“Virtually all modern, high performing processors in the world have these flaws, even your laptop or mobile phone. But the biggest problem is that it affects virtualization machines, for example, cloud services like Amazon Web Services. This means as a customer you might be able to read other customers’ data since you are sharing the same hardware.” says professor Carl-Johan Seger, who’s running the research project together with professor Alejandro Russo, at the Department of Computer Science and Engineering.
The security flaws, named Meltdown and Spectre, allow programs to access sensitive data which is currently processed on the computer and stored in the temporary memory, the cache. In Spectre’s case, this is due to processors using speculative execution which creates a side-channel through which private information can be extracted. While an attacker can’t directly read the cache, it is possible to measure the timing of the cache to extract its content.
“It’s almost like you are chasing a car. You lose sight of it and come to a parking lot and all the cars are parked. Which one is the car you were chasing? What you do is, you go around and check which car has a warm hood. Then you can determine that was the car, even if you didn’t see it park there” Carl-Johan Seger explains.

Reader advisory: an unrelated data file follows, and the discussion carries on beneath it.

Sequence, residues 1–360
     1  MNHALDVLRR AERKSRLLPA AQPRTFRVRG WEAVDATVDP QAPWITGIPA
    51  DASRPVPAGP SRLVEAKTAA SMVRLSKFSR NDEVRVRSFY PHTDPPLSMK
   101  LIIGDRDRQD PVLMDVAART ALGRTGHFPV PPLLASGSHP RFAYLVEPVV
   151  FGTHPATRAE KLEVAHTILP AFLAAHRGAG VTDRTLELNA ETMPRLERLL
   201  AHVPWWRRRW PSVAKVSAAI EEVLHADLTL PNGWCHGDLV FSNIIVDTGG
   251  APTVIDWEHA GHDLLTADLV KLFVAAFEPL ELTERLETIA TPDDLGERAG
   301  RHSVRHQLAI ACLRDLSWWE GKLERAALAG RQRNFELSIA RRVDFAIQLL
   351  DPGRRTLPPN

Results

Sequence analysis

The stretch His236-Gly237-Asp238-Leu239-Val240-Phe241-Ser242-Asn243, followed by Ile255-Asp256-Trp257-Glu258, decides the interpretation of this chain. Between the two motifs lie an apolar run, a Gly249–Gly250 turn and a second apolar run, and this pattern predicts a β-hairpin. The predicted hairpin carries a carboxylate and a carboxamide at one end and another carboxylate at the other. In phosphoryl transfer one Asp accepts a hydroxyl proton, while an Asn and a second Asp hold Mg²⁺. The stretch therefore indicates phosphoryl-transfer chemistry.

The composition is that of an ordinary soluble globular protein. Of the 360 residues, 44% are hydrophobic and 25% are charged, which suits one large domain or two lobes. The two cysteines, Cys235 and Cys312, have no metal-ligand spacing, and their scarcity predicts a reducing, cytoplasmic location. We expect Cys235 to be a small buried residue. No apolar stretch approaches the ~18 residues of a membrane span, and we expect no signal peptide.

There is no evidence of the flaws being used by hackers, but since the flaws have become public the risk for attacks increase.
Combining techniques to fight future bugs
While processor and operative system manufacturers have released software patches to combat the flaws this does not fix the entire problem.
“The hardware would most certainly need to be modified. That’s partly why this is so painful for the manufacturers. If you just patch the software it will most likely lead to a performance decrease. But what’s even more scary for most processor designers is, what if there is another bug, we haven’t found?” says Carl-Johan Seger.
This is what the new research project, called Securing Multi-Cycle Hardware Architectures, will investigate.
“Alejandro Russo and I have two pieces to this puzzle. He has a technique to look at a very big system and roughly identifying the problem area in a hardware component. My technology, symbolic simulation, allows you to analyze small pieces of hardware very accurately. This is a technology already used by Intel. Our research proposal is to combine our two techniques to find and help fix similar hardware bugs.”
Funding for a three-year post-doc
The grant from Intel Corporate Research Council consists of 100 000 USD yearly and will be used to fund a post-doc that will work on the project together with Carl-Johan Seger and Alejandro Russo. The project was one of five in Europe to be funded out of over fifty proposals.
“This is an interesting and challenging problem. The idea is not to fix these specific bugs, but rather to find a technique to identify where there might be problems with the hardware, and what those problems are. At least that’s what we promised to do. We’ll see what we succeed in.” Carl-Johan Seger concludes.
Carl-Johan Seger, Research professor, Functional Programming division, Computer Science and Engineering
firstname.lastname@example.org, +46 709 49 23 55, +46 31 772 64 19
Alejandro Russo, Professor, Information Security division, Department of Computer Science and Engineering
email@example.com, +46 31 772 61 56